When I ran across a Woodstock January tidbit recently, I found myself hooked on searching out a few more just for fun. As many times as I had read the city’s original charter, some details hadn’t sunk in. The charter is dated Dec. 8, 1897, implying that the Georgia Legislature was in session in December. The charter noted the appointment of the first mayor and council members whose terms would begin immediately. They would serve until Woodstock citizens elected a new slate on “the first Tuesday of January in 1899.”
That date was Jan. 3, coincidentally the same as this year’s calendar. (Similarity ends there. This is a Leap Year, and 1899 was not.) At some point, city elections were held in December so that officials would take office in January. We think that changes happen all too often in these days, but looks like it has always been so.
Our various governments begin anew in January, making for some interesting headlines. On Jan. 14, 1958, Woodstock City Council voted to change the municipality’s name from Town of Woodstock to City of Woodstock, although the charter already called it that! So much for redundancy.
In the preceding century, Ben Perry established the Cherokee Advance newspaper in Canton in January 1880. We owe him a debt of gratitude for his precise, thoughtful and conscientious reporting, editing and publishing of the County’s news. How fortunate we are that most issues have been preserved on microfilm. We are blessed, as well, with researchers and writers such as John Carver, Rebecca Johnston, Mick Wagner and Lowell Lawson, who care enough to take advantage of this priceless resource. Some January happenings from the Advance reflect the times of a bygone era.
The Jan. 17, 1884, issue contains this news: “Dr. W. L. Dean has moved into his fine, brick residence.” Later articles in various publications confirm that Dr. G. M. Merritt built the house in 1875, and other owners included W. H. Perkinson. Dr. Dean and Lou Boring were married in September of 1883, and this house would be their permanent home where their seven children were born, and where Lou died in 1945, almost 40 years after the death of her husband. Their daughter Eva died the same day as her mother. The house is now the oldest house in Woodstock.
Some January ads in the Advance in the 1880s indicate that merchants were looking ahead to a busy year. In the Jan. 13, 1883, issue, A. J. Steadman’s blacksmithing ad boasts “wagons made and repaired at Woodstock, Georgia. Also coffins made on the shortest notice. All sorts of wood work and iron work done promptly.” (How comforting to know you could get a coffin quickly!) Ironically, on Jan. 3, 1884, Steadman’s death was reported by the Advance.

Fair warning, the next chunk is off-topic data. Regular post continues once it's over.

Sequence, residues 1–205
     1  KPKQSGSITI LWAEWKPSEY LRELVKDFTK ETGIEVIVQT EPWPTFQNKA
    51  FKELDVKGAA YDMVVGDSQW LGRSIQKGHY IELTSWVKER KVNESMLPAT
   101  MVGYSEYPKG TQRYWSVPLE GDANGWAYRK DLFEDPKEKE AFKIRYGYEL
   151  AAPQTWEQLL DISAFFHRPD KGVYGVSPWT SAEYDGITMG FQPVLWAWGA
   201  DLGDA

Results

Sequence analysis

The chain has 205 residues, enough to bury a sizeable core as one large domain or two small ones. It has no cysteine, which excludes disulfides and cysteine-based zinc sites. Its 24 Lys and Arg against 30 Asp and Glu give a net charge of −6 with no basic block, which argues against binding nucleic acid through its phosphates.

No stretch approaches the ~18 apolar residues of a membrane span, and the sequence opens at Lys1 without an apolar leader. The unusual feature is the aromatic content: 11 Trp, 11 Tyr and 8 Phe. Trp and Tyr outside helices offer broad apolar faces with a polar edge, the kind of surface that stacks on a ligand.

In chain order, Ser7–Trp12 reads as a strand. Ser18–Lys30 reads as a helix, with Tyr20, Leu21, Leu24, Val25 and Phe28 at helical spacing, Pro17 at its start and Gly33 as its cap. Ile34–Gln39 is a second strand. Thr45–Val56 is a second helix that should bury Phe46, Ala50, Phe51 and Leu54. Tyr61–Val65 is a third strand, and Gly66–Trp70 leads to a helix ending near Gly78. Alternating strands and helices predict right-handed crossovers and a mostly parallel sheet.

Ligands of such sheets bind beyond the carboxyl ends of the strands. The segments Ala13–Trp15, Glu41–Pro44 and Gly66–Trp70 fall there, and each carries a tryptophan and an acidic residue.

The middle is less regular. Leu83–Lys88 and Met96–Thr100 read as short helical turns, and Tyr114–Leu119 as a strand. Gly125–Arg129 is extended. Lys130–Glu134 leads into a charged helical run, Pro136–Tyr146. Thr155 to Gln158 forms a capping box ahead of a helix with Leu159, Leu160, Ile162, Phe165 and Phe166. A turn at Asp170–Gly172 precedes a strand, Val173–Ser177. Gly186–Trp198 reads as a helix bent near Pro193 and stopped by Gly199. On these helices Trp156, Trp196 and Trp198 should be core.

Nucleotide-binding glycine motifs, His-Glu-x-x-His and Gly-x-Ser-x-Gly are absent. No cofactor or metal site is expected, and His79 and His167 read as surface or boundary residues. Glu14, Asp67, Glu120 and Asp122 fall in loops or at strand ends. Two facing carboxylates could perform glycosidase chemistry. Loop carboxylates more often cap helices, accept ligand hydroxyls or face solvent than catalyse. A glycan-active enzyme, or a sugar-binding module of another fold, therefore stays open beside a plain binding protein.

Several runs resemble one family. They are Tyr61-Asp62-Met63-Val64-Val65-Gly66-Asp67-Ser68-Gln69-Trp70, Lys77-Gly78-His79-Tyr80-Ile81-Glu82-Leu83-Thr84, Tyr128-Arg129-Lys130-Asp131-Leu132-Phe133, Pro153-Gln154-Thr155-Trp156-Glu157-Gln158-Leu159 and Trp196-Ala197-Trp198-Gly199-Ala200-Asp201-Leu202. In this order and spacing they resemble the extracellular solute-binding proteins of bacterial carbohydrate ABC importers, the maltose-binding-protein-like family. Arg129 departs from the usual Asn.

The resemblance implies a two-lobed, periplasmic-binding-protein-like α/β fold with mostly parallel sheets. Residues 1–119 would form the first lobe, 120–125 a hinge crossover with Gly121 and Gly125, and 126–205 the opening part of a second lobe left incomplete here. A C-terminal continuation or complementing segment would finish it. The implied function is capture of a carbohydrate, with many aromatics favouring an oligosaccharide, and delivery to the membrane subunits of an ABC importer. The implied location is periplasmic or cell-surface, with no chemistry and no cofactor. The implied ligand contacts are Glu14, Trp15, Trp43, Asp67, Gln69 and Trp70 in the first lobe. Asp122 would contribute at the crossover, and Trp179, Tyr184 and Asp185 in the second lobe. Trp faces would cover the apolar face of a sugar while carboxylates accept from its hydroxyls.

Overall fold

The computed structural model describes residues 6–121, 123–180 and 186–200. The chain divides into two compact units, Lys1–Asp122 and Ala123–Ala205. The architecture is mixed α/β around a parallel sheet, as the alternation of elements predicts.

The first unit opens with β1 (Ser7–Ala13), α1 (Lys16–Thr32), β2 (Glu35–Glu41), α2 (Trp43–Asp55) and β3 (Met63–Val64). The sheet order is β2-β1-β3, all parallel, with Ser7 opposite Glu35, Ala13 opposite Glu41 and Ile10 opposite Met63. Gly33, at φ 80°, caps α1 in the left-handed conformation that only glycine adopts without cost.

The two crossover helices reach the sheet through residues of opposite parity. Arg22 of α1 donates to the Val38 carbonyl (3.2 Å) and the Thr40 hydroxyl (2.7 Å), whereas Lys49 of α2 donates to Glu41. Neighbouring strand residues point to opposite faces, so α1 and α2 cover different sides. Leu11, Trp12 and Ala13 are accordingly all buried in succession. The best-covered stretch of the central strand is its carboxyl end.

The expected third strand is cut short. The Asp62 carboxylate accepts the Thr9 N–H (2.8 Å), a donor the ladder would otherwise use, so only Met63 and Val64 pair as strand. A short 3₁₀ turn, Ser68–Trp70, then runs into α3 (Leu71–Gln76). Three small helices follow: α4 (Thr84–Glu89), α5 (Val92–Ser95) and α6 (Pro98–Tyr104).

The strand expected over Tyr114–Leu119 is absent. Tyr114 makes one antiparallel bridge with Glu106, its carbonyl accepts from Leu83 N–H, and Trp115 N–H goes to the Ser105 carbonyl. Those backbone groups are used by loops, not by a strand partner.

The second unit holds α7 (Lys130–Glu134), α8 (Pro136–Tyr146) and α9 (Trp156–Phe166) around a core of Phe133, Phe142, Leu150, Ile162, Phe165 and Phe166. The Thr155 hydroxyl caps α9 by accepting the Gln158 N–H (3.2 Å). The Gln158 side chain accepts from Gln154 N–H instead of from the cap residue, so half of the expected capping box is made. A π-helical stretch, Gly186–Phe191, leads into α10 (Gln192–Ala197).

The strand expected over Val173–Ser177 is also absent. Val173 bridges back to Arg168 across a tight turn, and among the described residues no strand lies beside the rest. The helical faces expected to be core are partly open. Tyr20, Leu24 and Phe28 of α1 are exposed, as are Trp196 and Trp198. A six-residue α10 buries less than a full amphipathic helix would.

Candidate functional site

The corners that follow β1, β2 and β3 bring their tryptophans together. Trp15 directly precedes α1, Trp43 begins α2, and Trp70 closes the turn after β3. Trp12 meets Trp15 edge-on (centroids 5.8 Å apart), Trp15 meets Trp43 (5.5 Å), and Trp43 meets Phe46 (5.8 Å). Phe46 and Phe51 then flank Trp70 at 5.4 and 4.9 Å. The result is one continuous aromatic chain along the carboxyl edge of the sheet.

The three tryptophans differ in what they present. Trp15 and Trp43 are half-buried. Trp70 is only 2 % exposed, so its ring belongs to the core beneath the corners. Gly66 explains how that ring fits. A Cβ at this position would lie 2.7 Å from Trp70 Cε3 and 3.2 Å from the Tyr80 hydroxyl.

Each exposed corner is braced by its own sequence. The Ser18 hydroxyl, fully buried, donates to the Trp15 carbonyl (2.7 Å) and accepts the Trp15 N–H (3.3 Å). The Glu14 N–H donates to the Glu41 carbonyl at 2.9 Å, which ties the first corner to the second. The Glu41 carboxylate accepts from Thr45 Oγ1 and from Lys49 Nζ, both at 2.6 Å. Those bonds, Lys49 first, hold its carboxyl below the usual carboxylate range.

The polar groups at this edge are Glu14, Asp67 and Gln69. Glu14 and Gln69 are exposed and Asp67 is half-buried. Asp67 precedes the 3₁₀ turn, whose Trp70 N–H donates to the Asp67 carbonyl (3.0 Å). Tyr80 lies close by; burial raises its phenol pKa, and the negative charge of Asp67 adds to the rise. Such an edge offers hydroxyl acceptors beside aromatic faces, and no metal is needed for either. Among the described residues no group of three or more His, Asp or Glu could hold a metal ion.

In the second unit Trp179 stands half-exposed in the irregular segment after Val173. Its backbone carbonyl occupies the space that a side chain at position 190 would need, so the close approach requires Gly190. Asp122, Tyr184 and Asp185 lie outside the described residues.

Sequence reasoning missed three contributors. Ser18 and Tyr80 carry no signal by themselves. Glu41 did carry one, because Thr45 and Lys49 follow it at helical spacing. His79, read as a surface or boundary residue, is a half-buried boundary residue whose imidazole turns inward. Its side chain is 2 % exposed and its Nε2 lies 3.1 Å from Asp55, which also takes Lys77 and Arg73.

This note on Jan. 30, 1880, under Woodstock Items, tells a tale worth investigating. “After court adjourned, Paden, Dean and Co. put in operation their steam saw mill for a test of their new saw and kept the crowd until a late hour in the day.” (Folks probably had cabin fever as winter was surely in full swing.)
On Jan. 24, 1884, the Advance spotlighted Woodstock merchant Walt Benson. “Walt Benson is quite an obliging merchant. If a customer calls for an article he has not in stock, he sends an order by wire and gets it on the first train.” Wow, modern technology.
Later generations of Woodstock residents would rely on the Woodstock Star for such information. It is there that we are told that Dr. William Johnston opened Woodstock’s first veterinary clinic in January 1966. Located on Highway 92 at Trickum Road, it would later move close to town on South Main Street.
Over a century earlier, on Jan. 17, 1858, Mark Fowler died at age 52. His name is found on many early property deeds in town. It was his family that built the two homes referred to as the Hendrix House (now demolished) and the Hubbard House, now vacant and available for lease as a restaurant.
But my favorite “Today in History” did not make headlines, and did not need headlines. On Jan. 12, 1935, the MOTH was born in McCaysville. Elvis was four days old. And look at the two of them now! The MOTH carries a pretty good tune himself. There are two other family celebrants, granddaughter Samantha on Jan. 1, and her husband Kevin on Jan. 6. And in loving memory of Woodstock’s beloved Mary Smith Howell, born Jan. 30, 1900. We still miss her.
Juanita Hughes is Woodstock’s official historian and the former director of the Woodstock Public Library.